Why pay VAT when sales tax is already being levied by government?
VAT and sales tax work differently and hence are kept separate. While sales tax calculation is an easy process, VAT is a multi-level and a more complex form of tax. Sales tax is simply calculated as a percentage of the final selling price of goods and services and is levied from customers at the time of purchase of goods and services.
Some of the most striking points of differentiation between sales tax and VAT are listed below.
- VAT is levied from both producers of goods and services as well as consumers while sales tax is entirely levied from customers
- VAT is a complex taxation process because it is charged in multiple stages. Sales tax is a pretty straightforward and simple taxation procedure
- VAT is a multi-stage tax levied at each step of production while sales tax is charged from customers at final purchase of goods or services
- VAT places in a lot of checks and hence is more transparent and efficient while sales tax is easy to fiddle with
- VAT collection places more burden on producers of goods and services which they might ultimately charge from customers, leading to increased financial burden on customers
- VAT is more transparent and efficient as compared to sales tax and hence generates more revenue for the government than sales tax
VAT returns have to be filed by businesses that have an annual turnover that is Rs.5 lakhs or higher. VAT is payable on all goods and services that are domestic or imported. VAT returns can be filed traditionally by filling and submitting the requisite paperwork to the appropriate authorities. It can also be filed online if registered under VAT Act 2003 using the provided user id and password.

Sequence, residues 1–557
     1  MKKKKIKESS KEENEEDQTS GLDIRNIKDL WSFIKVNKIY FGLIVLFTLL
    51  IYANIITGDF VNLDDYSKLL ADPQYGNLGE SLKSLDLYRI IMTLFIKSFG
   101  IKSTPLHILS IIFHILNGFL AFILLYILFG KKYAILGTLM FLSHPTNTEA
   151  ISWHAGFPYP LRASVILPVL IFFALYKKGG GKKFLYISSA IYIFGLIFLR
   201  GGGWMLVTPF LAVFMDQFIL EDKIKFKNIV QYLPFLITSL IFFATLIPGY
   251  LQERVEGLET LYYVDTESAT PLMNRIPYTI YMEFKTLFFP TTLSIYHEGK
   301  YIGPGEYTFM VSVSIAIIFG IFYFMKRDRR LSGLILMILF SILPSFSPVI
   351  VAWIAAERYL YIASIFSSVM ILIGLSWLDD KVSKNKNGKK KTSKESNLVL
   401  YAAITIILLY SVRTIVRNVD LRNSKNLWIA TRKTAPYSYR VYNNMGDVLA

Frequently Asked Questions about VAT:
- Does the VAT that I pay as part of any purchase reach the government?
Yes. Respective state governments are responsible for collection of VAT which is then passed on to the central government.
- Why does VAT on my television set vary in Uttar Pradesh as compared to that in Karnataka?
VAT is subject to rules and guidelines of the state government and as such may slightly differ from one state to another, even for similar goods and services.
- Is VAT levied on certain basic necessities like salt, oil too?
No. Many state governments in India have done away with the concept of VAT for certain necessary goods.
- Is the compliance rate of VAT better than sales tax?
Yes. VAT since levied at every stage of production offers less chances of loopholes which can be exploited and as such is better in terms of compliance as compared to sales tax which is pretty easy to fiddle with.
- Does VAT enhance the cascading effect in taxation process?
No. Rather it minimizes the chances of cascading effect by levying the required tax amount at each and every stage of production.